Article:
Robin Obino @obinorobin
The plan to open up the country’s hinterland for investments and trade is inching closer to reality with construction work on the Nairobi-Naivasha Standard Gauge Railway (SGR) project gathering pace.
President Uhuru Kenyatta on Saturday witnessed the installation of bridge girders across the Nairobi National Park which is a critical part of the ongoing extension of the SGR line and asked the contractor, China Communications Construction Company, to stick to the June 2019 completion timeline.
“We want to ride on the Nairobi-Naivasha SGR on May 31 next year, and then go to Kajiado for Madaraka Day the next day,” he said at Kyang’ombe (DK2 Project Site) in Nairobi. The President said all components of the phase 2A of SGR should be completed by June 2019 so that they can be launched together with the railway line on the same day.
Speaking at the event, Chen Yun, the Vice President of the Communications Construction Company, assured the President that he would do his best to meet the deadline.
“We look out to complete the Nairobi to Naivasha SGR by June 2019. We will also employ more residents of Kajiado and Narok counties where the rail is passing through,” he said.
The Nairobi-Naivasha SGR stretch is expected to de-congest the accident-prone highway between the two towns. The project, 49 per cent complete, is expected to cost Sh150 billion.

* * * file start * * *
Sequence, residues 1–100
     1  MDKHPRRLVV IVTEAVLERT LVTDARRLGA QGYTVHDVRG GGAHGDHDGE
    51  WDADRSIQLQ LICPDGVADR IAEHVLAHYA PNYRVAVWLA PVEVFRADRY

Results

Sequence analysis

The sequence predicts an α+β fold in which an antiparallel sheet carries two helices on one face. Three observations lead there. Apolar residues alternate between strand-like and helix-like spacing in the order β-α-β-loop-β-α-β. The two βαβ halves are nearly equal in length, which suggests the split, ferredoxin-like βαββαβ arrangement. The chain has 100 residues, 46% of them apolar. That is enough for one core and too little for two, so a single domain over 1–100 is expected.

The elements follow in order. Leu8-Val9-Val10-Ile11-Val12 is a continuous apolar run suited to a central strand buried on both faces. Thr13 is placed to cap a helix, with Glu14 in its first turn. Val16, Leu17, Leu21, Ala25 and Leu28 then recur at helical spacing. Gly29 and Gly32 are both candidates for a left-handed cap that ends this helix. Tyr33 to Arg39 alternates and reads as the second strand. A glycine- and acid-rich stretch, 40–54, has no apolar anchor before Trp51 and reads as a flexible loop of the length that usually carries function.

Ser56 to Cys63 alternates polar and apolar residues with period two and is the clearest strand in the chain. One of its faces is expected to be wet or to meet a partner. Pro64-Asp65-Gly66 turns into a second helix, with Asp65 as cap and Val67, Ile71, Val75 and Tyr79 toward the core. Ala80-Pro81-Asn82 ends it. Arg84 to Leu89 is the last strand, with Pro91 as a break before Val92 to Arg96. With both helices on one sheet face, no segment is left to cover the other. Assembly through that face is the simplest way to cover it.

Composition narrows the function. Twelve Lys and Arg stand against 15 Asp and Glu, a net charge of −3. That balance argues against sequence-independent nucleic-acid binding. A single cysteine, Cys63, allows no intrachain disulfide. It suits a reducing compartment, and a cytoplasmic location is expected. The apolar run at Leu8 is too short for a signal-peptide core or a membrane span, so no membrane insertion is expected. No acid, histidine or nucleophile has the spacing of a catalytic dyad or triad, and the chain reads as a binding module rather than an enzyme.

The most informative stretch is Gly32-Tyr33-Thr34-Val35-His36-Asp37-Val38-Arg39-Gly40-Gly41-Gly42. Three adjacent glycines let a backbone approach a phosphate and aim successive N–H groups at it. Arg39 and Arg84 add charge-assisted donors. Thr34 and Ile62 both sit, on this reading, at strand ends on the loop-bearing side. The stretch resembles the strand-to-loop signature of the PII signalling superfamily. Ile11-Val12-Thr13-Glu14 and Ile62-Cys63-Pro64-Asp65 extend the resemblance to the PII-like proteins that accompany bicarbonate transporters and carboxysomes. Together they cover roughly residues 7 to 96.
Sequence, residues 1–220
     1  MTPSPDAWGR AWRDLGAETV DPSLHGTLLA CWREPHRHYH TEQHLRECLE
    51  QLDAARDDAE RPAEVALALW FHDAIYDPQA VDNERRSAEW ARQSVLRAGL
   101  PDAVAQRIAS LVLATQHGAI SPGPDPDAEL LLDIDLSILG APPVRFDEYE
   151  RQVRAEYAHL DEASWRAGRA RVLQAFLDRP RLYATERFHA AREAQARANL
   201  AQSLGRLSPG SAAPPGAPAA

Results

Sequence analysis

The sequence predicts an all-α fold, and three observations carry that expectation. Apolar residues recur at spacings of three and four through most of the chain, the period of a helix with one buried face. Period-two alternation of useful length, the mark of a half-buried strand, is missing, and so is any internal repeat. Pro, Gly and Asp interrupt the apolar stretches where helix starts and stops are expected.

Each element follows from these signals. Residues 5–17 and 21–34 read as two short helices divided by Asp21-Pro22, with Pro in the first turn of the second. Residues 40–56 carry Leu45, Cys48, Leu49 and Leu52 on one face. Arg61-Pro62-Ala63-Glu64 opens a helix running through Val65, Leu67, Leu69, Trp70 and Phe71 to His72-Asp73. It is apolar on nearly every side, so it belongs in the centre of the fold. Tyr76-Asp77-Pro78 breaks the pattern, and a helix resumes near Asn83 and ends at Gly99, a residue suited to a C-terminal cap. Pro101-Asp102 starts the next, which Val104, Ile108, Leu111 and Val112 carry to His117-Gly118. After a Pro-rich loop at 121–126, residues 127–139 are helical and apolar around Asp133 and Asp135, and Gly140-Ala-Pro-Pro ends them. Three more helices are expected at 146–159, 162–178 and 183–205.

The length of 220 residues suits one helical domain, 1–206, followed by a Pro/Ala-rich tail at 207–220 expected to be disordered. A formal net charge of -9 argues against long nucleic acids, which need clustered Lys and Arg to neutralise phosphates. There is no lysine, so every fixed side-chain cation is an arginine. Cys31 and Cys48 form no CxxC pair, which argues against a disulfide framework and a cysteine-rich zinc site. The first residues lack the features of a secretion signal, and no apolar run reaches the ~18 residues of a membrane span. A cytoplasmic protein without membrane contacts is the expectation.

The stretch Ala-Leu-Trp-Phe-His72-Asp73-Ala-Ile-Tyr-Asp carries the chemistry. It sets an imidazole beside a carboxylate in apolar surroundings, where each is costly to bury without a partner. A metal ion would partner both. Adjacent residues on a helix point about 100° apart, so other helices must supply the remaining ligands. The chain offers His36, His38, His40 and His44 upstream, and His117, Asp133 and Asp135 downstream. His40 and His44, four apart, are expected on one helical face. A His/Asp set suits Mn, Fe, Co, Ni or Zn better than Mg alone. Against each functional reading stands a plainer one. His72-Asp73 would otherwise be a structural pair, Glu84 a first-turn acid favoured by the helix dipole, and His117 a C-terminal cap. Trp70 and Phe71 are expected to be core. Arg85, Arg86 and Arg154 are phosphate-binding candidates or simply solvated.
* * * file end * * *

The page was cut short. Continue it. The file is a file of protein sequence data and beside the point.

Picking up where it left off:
Extension of the SGR is also expected to benefit, among others, the proposed Special Economic Zones (SEZs) in Suswa and Mai Mahiu, tourism, agro-processing and industrial development in the geothermal-rich Rift Valley.
The 120km Phase 2A is expected to terminate in Naivasha and will be the first of the three segments that make up the second phase of the SGR between Nairobi and Malaba.
It will pass through five counties of Nairobi, Kajiado, Kiambu, Nakuru and Narok. It will feature five newly-built stations at Ongata Rongai, Ngong, Mai Mahiu, Suswa and Nachu.
Once the entire Mombasa-Malaba SGR project is complete, it is expected to deliver safe, efficient and cost effective railway transport, decongest the Port of Mombasa, and facilitate easy access to local and foreign markers for produce from Kenya’s hinterland.
Additionally, the SGR intervention is meant to lower the cost of production for Kenyan goods and services, create an estimated 30,000 jobs, reduce environmental degradation occasioned by transportation of goods by road, and reduce the wear and tear of highways.
Briefing the President on the progress of the project, Transport and Infrastructure Cabinet Secretary James Macharia expressed optimism that the project will be completed before the end of next year.